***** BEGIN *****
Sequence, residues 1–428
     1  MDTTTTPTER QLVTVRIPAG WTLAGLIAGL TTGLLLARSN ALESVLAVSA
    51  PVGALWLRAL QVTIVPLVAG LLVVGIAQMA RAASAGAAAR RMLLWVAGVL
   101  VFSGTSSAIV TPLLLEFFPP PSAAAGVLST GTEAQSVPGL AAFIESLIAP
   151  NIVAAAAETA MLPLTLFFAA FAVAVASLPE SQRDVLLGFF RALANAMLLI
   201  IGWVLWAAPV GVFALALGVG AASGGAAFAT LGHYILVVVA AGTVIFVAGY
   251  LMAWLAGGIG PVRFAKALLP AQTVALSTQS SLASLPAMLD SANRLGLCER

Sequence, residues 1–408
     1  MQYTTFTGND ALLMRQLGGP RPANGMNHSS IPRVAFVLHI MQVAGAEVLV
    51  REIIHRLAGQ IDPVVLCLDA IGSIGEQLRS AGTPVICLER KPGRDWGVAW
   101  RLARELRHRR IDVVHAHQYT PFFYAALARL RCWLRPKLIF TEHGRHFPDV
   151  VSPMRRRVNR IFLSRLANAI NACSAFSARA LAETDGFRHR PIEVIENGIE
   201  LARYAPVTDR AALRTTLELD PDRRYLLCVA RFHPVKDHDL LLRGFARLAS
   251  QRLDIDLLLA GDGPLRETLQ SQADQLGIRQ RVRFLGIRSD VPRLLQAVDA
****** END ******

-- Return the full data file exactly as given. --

Sequence, residues 1–428
     1  MDTTTTPTER QLVTVRIPAG WTLAGLIAGL TTGLLLARSN ALESVLAVSA
    51  PVGALWLRAL QVTIVPLVAG LLVVGIAQMA RAASAGAAAR RMLLWVAGVL
   101  VFSGTSSAIV TPLLLEFFPP PSAAAGVLST GTEAQSVPGL AAFIESLIAP
   151  NIVAAAAETA MLPLTLFFAA FAVAVASLPE SQRDVLLGFF RALANAMLLI
   201  IGWVLWAAPV GVFALALGVG AASGGAAFAT LGHYILVVVA AGTVIFVAGY
   251  LMAWLAGGIG PVRFAKALLP AQTVALSTQS SLASLPAMLD SANRLGLCER

Sequence, residues 1–408
     1  MQYTTFTGND ALLMRQLGGP RPANGMNHSS IPRVAFVLHI MQVAGAEVLV
    51  REIIHRLAGQ IDPVVLCLDA IGSIGEQLRS AGTPVICLER KPGRDWGVAW
   101  RLARELRHRR IDVVHAHQYT PFFYAALARL RCWLRPKLIF TEHGRHFPDV
   151  VSPMRRRVNR IFLSRLANAI NACSAFSARA LAETDGFRHR PIEVIENGIE
   201  LARYAPVTDR AALRTTLELD PDRRYLLCVA RFHPVKDHDL LLRGFARLAS
   251  QRLDIDLLLA GDGPLRETLQ SQADQLGIRQ RVRFLGIRSD VPRLLQAVDA